A More Rural SarajevoA More Rural SarajevoA More Rural Sarajevo

Calls to prayer resonate five times a day...
have to myself.

At a café nestled among gardens and mosques well above the noise of the New Town, a waiter plucks a bottle of Sarajevsko Pivo out of the frigid river. This ensures that the beer arrives at my table chilled. Unfortunately, it is one of the few options available in Bosnia. I long for the days back in Slovakia where they know what beer really is. This tasteless, malodorous, and colorless liquid reminds me of the mass-produced bottled swill from any given brewery in Milwaukee. Perhaps my next destination will have a more enlightened approached to the heavenly mix of hops, barley, and water.

Tourism is not unknown in Travnik, however. Yet, much to my amusement, the visitors here are not foreign, rather Bosnian. It is they who come here with their digital cameras, fanny packs, and sunglasses to enjoy time away from home. For the first time in ages, Bosnians can be tourists and discover their own country without the threat of war or economic upheaval, if only for a day or the weekend. They pack the restaurants, pose in front of fountains with family, purchase cheap souvenirs, and flood the ice cream

Bosnians are now allowed to be tourists, too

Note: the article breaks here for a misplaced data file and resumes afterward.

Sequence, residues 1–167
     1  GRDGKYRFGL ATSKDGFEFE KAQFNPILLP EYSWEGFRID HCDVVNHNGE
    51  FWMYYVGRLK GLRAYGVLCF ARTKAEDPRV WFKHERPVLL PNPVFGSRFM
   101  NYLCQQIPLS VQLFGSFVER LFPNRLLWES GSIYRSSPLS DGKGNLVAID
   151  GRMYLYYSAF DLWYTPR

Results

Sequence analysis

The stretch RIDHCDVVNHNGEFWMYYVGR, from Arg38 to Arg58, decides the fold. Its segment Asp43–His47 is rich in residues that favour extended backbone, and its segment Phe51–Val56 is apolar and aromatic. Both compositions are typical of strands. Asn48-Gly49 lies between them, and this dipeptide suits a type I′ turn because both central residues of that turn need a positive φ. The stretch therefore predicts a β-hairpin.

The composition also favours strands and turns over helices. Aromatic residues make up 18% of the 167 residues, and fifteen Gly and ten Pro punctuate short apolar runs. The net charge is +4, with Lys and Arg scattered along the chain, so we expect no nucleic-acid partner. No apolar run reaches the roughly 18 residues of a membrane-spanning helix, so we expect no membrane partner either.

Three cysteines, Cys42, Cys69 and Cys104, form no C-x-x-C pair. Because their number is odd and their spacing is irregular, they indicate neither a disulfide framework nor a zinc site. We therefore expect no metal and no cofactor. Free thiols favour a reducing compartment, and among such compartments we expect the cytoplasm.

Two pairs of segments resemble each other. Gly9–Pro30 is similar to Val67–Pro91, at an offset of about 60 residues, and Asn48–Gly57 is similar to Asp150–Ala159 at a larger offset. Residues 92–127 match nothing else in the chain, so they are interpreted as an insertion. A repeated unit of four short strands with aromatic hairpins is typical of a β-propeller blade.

shops. It almost looks as if they have been left out of the equation and want a piece of the action, too. It may not be the French Riviera, but it is a start.

In the Muslim world, there are five daily calls to prayer. Whaling chants from various mosques resonate throughout town and each episode is impossible to ignore. Most Muslims in Bosnia are observant of Islam, but let’s not call them devout. The calls to prayer are part of the landscape, yet no one arranges their daily schedule around them. This is unlike in Tunisia when a tour guide literally dropped to his knees in the middle of an explanation, faced, and bowed toward Mecca. Here, many of the men are too involved in their coffee or morning beer to be at the mosque on time.
I have become rather familiar with this routine because for some mysterious reason, my rooms have been situated with windows right in front, and at the same height of, a minaret’s largest and oversized megaphone. Of course, the megaphone is pointed directly right at my window. If you have never heard the calls to prayer, I can tell you

Firewood for winter...
that the melodic chants can be charming. They can be soothing, too.
But not a five o’clock in the morning when the first call from the megaphone flips you out of bed.
Not a practicing Muslim myself, I have adopted a scheme by which the five calls can be integrated into my daily schedule for traveling throughout Bosnia. I like to look at this as how I adapt to cultures other than my own. It goes like this:

First Call - 4:55 a.m.

Pick yourself off the floor and climb back into bed after having been launched airborne by the cruel sound waves.

Second Call - 10:00 a.m.

It is time to consider touring the town and accomplishing something productive before it gets too hot. Stop for one more espresso.

Third Call - 1:00 p.m.

My favorite, lunchtime. More importantly, respect Bosnian customs and take a nap for the afternoon. Remember, it is very important to observe other cultures!

Fourth Call - 4:45 p.m.

Wake up from nap. Since the megaphone is aimed at my window, I see little choice here.

Fifth Call - 9:30 p.m.

Go for stroll and join townsfolk in evening stroll throughout town. This is just like an evening passegiata in Italy. Scout out a pub that will stay open until the wee hours.